Device Identifies Fatty Deposits in Coronary Arteries
A new medical device allows doctors to see inside blood vessels to determine the fat content of the plaque buildup on the wall of the coronary arteries. The Food and Drug Administration (FDA) cleared the InfraReDx LipiScan NIR Catheter Imaging System for marketing in April 2008. It's the first device that can help assess the chemical make-up of coronary artery plaques and help doctors identify those of particular concern.
Why is plaque significant?
- Plaque is a deposit made up of cholesterol-rich fat, calcium, and other substances found in the blood.
- Coronary arteries supply the heart muscle with oxygen-rich blood. As plaque accumulates on the artery wall, it reduces blood flow to the heart muscle and increases the risk of blood clots, which can lead to a heart attack.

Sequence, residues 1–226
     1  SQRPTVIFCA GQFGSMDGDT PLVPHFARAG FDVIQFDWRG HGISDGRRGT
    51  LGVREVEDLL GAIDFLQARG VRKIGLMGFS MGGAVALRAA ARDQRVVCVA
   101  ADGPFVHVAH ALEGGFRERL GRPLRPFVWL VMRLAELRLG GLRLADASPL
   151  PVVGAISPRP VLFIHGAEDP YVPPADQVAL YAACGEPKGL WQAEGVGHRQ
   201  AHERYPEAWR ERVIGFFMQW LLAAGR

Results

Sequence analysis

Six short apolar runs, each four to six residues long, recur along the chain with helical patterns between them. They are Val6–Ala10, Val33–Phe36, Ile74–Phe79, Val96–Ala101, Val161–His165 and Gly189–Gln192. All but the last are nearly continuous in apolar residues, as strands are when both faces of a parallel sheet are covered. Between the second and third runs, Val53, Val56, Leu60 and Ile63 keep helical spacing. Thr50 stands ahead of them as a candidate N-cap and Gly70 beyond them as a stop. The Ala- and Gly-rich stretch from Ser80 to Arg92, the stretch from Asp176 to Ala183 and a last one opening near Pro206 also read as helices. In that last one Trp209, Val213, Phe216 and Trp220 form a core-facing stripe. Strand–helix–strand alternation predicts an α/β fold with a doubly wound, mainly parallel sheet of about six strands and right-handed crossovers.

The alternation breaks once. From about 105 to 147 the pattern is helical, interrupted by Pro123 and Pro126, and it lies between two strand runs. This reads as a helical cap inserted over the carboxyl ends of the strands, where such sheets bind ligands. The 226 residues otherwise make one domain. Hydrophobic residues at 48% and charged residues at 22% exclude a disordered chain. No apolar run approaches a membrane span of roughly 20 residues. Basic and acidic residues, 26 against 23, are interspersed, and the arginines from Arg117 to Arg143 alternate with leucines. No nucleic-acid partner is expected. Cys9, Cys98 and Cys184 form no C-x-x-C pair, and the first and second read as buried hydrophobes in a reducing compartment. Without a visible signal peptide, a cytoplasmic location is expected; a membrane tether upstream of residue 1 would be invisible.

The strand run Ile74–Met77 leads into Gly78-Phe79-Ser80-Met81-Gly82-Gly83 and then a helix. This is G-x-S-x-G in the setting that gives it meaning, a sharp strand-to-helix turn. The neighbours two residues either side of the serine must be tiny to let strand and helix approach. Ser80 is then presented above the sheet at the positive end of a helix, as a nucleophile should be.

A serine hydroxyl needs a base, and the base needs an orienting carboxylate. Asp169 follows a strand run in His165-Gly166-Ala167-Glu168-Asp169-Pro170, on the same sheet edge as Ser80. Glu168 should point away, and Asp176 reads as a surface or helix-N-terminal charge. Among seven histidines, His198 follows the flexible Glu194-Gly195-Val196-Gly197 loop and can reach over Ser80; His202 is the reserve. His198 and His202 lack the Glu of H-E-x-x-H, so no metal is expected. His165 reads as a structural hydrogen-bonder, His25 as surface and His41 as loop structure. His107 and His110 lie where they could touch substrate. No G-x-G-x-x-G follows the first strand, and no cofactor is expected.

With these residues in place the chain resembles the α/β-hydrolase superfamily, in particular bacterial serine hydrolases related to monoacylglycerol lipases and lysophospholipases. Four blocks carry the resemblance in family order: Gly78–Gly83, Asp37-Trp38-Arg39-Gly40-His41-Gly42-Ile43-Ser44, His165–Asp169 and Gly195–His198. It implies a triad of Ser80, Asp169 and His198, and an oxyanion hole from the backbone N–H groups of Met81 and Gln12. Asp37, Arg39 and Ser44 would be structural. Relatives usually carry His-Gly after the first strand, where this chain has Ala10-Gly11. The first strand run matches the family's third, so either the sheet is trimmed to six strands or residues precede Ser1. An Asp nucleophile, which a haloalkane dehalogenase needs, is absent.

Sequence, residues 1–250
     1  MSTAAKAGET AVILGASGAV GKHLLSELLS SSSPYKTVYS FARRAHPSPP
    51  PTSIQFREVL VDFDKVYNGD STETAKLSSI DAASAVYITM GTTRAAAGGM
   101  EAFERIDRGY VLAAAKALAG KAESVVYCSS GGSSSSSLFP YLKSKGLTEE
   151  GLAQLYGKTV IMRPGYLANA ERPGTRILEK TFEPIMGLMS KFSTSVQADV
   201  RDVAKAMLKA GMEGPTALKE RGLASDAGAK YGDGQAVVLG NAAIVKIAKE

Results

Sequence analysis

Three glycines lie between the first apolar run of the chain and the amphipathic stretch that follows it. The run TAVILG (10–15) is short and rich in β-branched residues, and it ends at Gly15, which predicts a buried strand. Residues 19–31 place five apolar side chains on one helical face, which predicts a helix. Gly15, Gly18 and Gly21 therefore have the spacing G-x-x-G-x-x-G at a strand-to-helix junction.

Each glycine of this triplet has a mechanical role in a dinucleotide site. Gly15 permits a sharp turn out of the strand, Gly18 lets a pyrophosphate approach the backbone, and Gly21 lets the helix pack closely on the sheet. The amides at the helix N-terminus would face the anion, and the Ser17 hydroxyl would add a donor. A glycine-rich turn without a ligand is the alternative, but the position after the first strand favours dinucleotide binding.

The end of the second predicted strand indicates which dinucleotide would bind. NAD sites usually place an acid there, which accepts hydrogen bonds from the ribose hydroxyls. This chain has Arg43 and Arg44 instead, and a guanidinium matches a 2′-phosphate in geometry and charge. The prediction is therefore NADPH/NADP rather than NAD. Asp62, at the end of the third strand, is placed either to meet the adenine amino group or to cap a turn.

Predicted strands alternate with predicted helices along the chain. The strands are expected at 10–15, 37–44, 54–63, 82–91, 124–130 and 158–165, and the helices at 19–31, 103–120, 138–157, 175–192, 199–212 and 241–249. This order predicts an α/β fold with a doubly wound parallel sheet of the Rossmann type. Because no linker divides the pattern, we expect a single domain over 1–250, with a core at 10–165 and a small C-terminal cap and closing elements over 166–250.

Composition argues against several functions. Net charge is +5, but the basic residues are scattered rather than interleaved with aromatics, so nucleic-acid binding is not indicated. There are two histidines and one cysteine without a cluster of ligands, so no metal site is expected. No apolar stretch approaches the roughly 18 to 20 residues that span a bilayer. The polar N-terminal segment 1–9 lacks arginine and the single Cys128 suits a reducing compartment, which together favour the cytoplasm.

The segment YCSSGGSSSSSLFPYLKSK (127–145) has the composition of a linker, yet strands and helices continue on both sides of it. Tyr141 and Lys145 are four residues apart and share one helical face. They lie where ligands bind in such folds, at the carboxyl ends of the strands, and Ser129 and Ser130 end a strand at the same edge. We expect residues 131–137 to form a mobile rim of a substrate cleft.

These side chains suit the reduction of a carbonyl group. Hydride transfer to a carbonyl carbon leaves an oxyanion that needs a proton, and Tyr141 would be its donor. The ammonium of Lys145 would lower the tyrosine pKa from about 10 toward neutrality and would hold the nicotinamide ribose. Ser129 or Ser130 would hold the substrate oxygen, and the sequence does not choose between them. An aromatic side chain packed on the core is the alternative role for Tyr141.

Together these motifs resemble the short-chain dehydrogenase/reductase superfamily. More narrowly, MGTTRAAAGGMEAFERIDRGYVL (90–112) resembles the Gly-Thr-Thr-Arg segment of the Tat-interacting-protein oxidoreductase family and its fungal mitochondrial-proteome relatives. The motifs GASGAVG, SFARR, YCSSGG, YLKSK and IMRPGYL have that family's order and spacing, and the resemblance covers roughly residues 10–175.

- Many heart attacks occur when a fatty coronary plaque ruptures, forming dangerous blood clots.
How does the device work?
- It uses infrared imaging to detect and assess the plaques of interest.
- It places a catheter equipped with a fiber-optic laser light into the artery.
- It shines the light delivered through the blood to the artery wall and measures the light reflected back from the wall, a technique called spectroscopy.
- The measurement helps doctors determine how much fatty plaque buildup is in the artery.
LipiScan is manufactured by InfraReDx Inc. of Burlington, Mass.
This article appears on FDA's Consumer Updates page, which features the latest on all FDA-regulated products.
Date Posted: May 1, 2008